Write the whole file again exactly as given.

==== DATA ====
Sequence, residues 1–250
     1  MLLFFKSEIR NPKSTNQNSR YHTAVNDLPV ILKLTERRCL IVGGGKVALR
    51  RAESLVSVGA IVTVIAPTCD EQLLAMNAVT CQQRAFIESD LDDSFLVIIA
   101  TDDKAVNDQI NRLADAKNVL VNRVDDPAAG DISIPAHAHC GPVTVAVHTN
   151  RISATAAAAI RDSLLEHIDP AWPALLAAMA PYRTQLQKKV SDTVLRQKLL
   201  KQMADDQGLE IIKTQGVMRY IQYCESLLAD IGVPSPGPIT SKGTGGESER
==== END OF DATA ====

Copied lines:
Sequence, residues 1–250
     1  MLLFFKSEIR NPKSTNQNSR YHTAVNDLPV ILKLTERRCL IVGGGKVALR
    51  RAESLVSVGA IVTVIAPTCD EQLLAMNAVT CQQRAFIESD LDDSFLVIIA
   101  TDDKAVNDQI NRLADAKNVL VNRVDDPAAG DISIPAHAHC GPVTVAVHTN
   151  RISATAAAAI RDSLLEHIDP AWPALLAAMA PYRTQLQKKV SDTVLRQKLL
   201  KQMADDQGLE IIKTQGVMRY IQYCESLLAD IGVPSPGPIT SKGTGGESER